• Federated, architecture-by-design, with independent entities operating out-of-the-box.


The tech industry today has not converged on standards for building systems that cut across multiple participants. This is a pervasive problem across multiple industries including finance, healthcare, telecommunications, etc.) and therefore there is no official standard that exists for solving issues arising with data sharing, reconciliation, discovery, entities being out of sync and peer-to-peer communication.

Distributed ledger technology is able to solve these problems and standardise enterprise processes in a similar manner that Mulesoft and Apigee provided standards for APIs (via function interfaces). They both provide API specification standards which define the connected application inputs and outputs throughout numerous enterprises. In doing so, teams are able to easily connect their separate systems

Distributed ledger technology provides standards by adopting a new architecture that changes the way systems interact and process data. It also standardizes the execution of these processes as Smart Contracts, as opposed to just input and output data formats. It is your one stop shop for orchestrating, executing and verifying enterprise processes. It achieves this by providing:

  • A Standardized platform on top of which enterprise applications can be developed
  • Template scripts that are able to perform a set of common enterprise functions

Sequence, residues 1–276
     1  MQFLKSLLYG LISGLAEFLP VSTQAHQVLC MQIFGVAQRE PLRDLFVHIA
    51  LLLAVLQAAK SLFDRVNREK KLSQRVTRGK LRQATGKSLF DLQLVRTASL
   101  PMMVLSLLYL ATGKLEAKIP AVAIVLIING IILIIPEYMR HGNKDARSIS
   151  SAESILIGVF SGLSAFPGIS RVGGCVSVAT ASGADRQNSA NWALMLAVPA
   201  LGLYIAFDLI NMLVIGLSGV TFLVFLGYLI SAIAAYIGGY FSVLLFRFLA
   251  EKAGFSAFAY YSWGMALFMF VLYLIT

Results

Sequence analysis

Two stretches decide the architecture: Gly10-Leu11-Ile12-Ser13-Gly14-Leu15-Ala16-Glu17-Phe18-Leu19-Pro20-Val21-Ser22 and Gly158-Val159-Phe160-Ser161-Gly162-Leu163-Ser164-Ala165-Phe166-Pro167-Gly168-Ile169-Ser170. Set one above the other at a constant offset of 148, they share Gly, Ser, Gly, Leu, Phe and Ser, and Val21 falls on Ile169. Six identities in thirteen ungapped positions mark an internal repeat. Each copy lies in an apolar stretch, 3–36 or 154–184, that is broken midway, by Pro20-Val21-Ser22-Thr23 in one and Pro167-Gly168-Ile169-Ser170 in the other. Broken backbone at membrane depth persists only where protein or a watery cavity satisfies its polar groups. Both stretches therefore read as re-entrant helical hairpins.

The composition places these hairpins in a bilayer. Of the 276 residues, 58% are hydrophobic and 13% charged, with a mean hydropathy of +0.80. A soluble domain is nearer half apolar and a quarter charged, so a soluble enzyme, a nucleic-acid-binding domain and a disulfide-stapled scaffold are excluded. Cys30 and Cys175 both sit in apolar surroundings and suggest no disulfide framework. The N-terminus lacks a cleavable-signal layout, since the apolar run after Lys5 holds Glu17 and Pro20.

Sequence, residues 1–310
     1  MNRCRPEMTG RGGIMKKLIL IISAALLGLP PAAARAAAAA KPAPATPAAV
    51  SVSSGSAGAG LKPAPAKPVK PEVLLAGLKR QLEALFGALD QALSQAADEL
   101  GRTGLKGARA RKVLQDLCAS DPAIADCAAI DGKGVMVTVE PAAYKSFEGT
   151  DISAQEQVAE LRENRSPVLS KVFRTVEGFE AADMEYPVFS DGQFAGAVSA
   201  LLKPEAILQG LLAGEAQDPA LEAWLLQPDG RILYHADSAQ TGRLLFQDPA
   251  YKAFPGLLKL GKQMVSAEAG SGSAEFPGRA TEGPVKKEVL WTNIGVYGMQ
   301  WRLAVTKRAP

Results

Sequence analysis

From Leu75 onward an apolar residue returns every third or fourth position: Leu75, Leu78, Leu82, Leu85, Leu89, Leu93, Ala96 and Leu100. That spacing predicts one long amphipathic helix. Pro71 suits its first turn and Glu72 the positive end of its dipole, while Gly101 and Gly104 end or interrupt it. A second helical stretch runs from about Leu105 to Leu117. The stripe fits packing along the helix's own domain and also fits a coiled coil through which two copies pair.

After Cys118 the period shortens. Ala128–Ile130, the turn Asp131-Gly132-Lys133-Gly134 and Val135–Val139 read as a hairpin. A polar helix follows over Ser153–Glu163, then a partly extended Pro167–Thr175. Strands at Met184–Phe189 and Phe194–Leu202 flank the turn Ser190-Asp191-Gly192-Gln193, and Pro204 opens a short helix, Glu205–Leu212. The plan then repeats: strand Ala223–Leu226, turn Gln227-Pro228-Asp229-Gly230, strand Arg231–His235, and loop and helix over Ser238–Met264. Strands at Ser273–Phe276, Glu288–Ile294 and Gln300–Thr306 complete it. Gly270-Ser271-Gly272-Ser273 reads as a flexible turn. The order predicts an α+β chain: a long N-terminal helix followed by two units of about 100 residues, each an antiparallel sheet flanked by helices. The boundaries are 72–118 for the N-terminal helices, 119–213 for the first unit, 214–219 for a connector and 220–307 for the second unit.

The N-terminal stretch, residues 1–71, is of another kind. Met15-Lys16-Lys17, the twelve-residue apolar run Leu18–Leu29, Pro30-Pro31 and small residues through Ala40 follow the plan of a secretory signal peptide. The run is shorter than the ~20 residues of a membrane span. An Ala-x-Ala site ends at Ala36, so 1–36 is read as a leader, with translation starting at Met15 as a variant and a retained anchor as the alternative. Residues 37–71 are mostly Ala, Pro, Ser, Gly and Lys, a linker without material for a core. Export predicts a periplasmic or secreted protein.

• A ‘discovery’ repository containing process logic for enterprise developers to search for and reuse processes which have been built before

Blockchain is a global and cross-industry effort to standardize these systems, lower their cost to deploy and improve their maturity. There is a large community that is growing and contributing to these projects.


Smart contracts provide the process & data orchestration, execution, and monitoring at every single step of the process. As a result we can think of smart contracts as the foundation for the Enterprise Operating System.

Smart contract is the script that runs the whole process for the enterprise and no part of the process can change its operations without updating the smart contract that is shared across the whole process. This is why the smart contract is such a powerful tool.

Distributed ledger technology is a coherent architecture that cleanly encompasses several key data & processing capabilities. Normally each of these are provided as standalone and disjoint products (data orchestration, execution and monitoring).

Blockchain is a holistic system that seamlessly integrates these services (process and data orchestration, execution and monitoring) providing the foundation for these capabilities to be on one single platform. Similar to how a traditional operating system provides protection between processes, synchronises the processes and manages resources on a user’s computer, distributed ledger technology can provide protection between processes, synchronises these processes and manages resources across the entire enterprise.

We believe that Deep Process Automation is uniquely suited for tackling complex enterprise processes and distributed ledger technology serves as the only solution that is able to automate end-to-end processes that feature a large number of tasks and logical rules whilst without being extremely costly.

If you want to learn more, contact us at !